A special thank you to the brave and wise Hannah Moore who allowed me to share her story this morning.
Words Whispered Over Water
In the United Church of Christ there is perhaps no greater day in worship than the Sundays in which we welcome those newest on the Christian journey through baptism. We welcome them when they are infants, or children, or adults. We welcome them by sprinking water from an ornate baptismal font, or pouring it from a pinky smooth shell, or even dunking in a river or lake. We UCC folk are not too particular about the details, we would rather dwell on the meaning. And the meaning is about new life being nurtured by God’s love. New life is about knowing that wherever you are in life, you are named as kin with Jesus. New life is believing that what was written is true, resurrection is possible, death does not have the final word. We baptize as a symbol of our belief in the power of resurrection. Just as John baptized Jesus in the river Jordan, we choose to be baptized as a sign of our connection to the one who was called God’s beloved. The words we whisper over the waters, the invocation of God’s blessing, and the act of baptism are some of the most profound words which can be uttered.
And so this morning, knowing that Matt and Marcy will be making covenantal vows about how Clara will be raised, we dare not forget that Matt and Marcy aren’t the only ones making promises, for we the living church, the church which loves and supports which weeps and holds which comforts and sustains will be making promises to them which are no less binding or powerful.
I love those moments of syncronicity in the lectionary when the verses which I am scheduled to preach on match perfectly with the world in which we are living in here at Peace United Church of Christ in little Fort Wayne, IN. I sort of feel as if it’s one of those serendipitious moments when God winks at us, as a way of saying, “Yep, I’m still watching…” For of all the texts that could have been assigned for this day, the text which we have been given is one from a letter to a group of people who were newly baptized.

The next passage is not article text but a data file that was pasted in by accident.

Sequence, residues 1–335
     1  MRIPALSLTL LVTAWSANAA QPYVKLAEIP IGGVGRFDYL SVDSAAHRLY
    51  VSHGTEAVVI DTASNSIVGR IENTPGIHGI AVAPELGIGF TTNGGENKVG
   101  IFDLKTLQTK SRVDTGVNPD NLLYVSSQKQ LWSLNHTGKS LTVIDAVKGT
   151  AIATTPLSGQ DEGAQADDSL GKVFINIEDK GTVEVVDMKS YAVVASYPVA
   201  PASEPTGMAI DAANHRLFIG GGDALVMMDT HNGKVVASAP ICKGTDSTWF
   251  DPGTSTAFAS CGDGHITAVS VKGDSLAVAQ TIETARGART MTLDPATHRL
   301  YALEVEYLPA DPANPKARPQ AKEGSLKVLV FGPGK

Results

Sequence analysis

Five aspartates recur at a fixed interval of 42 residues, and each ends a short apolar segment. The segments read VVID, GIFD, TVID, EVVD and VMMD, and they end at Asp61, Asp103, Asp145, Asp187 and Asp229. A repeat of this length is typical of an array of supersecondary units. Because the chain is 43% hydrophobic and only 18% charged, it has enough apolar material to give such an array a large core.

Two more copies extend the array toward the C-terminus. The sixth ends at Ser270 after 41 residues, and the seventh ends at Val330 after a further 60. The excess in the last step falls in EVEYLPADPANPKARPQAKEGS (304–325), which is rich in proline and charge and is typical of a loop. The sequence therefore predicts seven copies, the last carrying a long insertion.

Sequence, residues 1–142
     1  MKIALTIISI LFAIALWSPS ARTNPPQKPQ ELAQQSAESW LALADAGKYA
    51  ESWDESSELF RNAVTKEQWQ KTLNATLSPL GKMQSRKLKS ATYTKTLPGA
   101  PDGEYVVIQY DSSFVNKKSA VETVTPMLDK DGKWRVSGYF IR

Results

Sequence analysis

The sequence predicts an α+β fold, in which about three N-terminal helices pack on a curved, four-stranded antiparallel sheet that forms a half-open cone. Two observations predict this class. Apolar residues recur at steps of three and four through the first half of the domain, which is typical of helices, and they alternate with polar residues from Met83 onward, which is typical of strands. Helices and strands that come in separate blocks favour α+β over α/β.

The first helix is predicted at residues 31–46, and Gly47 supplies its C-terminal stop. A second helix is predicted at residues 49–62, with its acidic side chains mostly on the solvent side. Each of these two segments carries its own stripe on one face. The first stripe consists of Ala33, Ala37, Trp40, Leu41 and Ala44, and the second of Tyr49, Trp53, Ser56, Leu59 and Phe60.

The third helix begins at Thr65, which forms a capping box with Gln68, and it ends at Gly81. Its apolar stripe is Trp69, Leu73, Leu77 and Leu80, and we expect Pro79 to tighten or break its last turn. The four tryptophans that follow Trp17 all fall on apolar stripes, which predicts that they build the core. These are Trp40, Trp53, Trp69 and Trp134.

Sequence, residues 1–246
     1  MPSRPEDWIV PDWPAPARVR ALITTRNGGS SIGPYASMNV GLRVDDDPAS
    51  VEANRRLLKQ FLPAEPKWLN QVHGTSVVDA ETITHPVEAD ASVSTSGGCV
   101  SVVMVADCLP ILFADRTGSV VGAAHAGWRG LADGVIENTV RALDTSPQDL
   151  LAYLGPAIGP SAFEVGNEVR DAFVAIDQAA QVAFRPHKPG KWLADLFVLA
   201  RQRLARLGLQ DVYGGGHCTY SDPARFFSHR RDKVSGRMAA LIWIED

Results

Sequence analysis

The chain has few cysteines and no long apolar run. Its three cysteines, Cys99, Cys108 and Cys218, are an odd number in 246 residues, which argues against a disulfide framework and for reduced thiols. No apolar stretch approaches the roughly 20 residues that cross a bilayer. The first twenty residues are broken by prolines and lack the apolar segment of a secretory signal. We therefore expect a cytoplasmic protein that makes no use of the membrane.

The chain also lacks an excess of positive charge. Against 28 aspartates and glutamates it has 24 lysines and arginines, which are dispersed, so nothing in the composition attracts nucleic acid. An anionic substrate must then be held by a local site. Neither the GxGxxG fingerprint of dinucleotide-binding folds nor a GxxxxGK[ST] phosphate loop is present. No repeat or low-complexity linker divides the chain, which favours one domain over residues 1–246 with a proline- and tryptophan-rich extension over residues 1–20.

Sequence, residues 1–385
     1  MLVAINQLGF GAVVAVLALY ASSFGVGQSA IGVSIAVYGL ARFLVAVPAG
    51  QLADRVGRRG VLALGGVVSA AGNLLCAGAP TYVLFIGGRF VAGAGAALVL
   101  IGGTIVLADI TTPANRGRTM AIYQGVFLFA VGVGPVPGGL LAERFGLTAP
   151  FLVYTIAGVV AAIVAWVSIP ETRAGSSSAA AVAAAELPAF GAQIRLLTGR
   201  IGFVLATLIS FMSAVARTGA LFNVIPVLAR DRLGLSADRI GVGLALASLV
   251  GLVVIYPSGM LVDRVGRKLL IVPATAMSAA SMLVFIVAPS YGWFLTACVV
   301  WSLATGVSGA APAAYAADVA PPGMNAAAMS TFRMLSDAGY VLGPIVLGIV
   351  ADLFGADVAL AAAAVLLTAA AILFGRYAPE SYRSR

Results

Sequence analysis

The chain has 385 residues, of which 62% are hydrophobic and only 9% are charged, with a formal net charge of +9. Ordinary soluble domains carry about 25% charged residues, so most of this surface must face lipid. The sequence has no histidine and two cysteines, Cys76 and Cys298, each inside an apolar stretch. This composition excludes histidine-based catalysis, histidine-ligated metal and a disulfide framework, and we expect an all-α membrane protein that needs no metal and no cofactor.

This epistle, a fancy way for saying pastoral letter, was written by a leader of the church in Rome in or around the year 79. Some attribute the writings to Peter, but current Biblical scholarship suggests that Peter would have already have died years before. And so this unknown leader is writing in Peter’s name, sharing Peter’s thoughts, which was actually a quite common thing to do in the early church. This early follower of Christ was writing to a people in Asia Minor, people who had been raised in the Pagan ways, to worship the Pagan gods in the Pagan temples. Their fledgling devotion to Jesus and their new baptisms had not been well-received in their lands, and they had been mocked and slandered for their faith. At this point the taunting and discrimination had not become violent, the state had not taken a side on the issue, but there were fears about what proclaiming Jesus Christ meant.